Furthermore, the WSJ editorial did not note that the federal government has also enjoyed regulatory power over health insurance since 1997, as discussed in this blog over a year ago.  The Health Insurance Portability and Accountability Act (HIPAA) is a significant cause of the federal regulatory burden on health care increasing by 56 percent between 1998-1999 and 2008-2009.  At risk of belaboring the point, Secretary Sebelius was responsible for bringing Kansas’ insurance regulations in line with HIPAA regulations and enforcing them until 2003, when she became governor.  And yet, she insists that insurers had “free rein” when she was Insurance Commissioner.

Back when Secretary Sebelius was nominated for her current position, a colleague enthused that, “An insurance commissioner is a great choice for Secretary of HHS, because his or her direct contact with consumers provides unique insight into the challenges…..”  Unfortunately, Secretary Sebelius’ current direct contact with the Beltway political class and its ideological agenda obviously have far more significance than her previous direct contact with consumers, whose suffering under ObamaCare has only just begun.

Comments (7)

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  1. Devon Herrick says:

    Kathleen Sebelius is in the unenviable position to having to defend a law that she likely knows is deeply flawed. Having been insurance commissioner in Kansas, she undoubtedly understands that insurers are not benevolent associations that willingly lose money year-after-year so a few people can get huge cross-subsidies.

  2. Tom H. says:

    Sebelius is like a child with a machine gun. She has enormous power to do harm and she has no idea what she is doing.

  3. Ken says:

    I agree with Tom. Sebelius is dangerous.

  4. says:

    How did Sebelius become President of NAIC in 2001? Who elects these people? Certainly citizens don’t elect leaders in the powerful NAIC.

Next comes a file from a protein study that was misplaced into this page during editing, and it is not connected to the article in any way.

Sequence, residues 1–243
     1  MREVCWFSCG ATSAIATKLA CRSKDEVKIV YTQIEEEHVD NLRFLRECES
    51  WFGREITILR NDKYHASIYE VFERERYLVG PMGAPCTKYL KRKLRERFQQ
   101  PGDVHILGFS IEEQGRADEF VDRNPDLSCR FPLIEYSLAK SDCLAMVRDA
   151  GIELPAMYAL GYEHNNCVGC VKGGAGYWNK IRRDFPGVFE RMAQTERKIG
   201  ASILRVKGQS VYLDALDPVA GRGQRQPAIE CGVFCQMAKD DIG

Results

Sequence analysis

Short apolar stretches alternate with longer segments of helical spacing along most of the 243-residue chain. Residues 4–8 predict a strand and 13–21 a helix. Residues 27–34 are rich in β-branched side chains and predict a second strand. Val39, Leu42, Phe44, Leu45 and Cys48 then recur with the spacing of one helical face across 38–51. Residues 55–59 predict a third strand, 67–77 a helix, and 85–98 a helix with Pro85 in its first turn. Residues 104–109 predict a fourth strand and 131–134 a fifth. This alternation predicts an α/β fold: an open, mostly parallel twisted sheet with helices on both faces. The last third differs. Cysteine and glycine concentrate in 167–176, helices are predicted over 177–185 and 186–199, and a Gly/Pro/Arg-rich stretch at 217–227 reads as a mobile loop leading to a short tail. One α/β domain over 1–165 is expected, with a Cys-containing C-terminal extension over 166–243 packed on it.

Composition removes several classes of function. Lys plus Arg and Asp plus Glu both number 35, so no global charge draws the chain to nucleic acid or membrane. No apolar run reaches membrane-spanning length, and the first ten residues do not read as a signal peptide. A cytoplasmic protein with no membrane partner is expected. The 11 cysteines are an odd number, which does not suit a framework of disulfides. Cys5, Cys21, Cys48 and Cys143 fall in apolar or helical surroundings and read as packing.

Principal is throwing in the towel on health insurance today. There goes a bunch of jobs in Des Moines.

    Lucky ObamaCare is here to save the insurance industry.

  5. Vicki says:

    She has become the world’s most powerful woman.

  6. Linda Gorman says:

    According to Wikipedia, from 1977-1986 she was chief lobbyist for the Kansas Trial Lawyers Association. Then she was elected to the legislature. After eight years as an elected rep in Kansas she was elected insurance commissioner.

    She ran for governor in 2002 and was reelected in 2006. She has a degree in public administration and her father was governor of Ohio. She was not an insurance commissioner when she was appointed to HHS.

    She’s basically had a career in Democratic politics and was not a particularly good governor. Given that her public speeches don’t show that she’s done a lot of study, why would anyone expect that she has any expert knowledge of economics, economic growth, insurance or health care?

  7. Litan says:

    Hey babe, why dont you do tort reform? How about anliwolg people to buy coverage across state lines? How about tax credits when you pay out of pocket? How about not trying to take over the entire health of the country seeing that govt bankrupts everything it tries? How many private sector insurance compaines are there? yea a whole damn lot. There is enough compettion, Compettion with govt Obamacare will undercut the private sector and thus our 1 choice will be govt care. Not much choice there.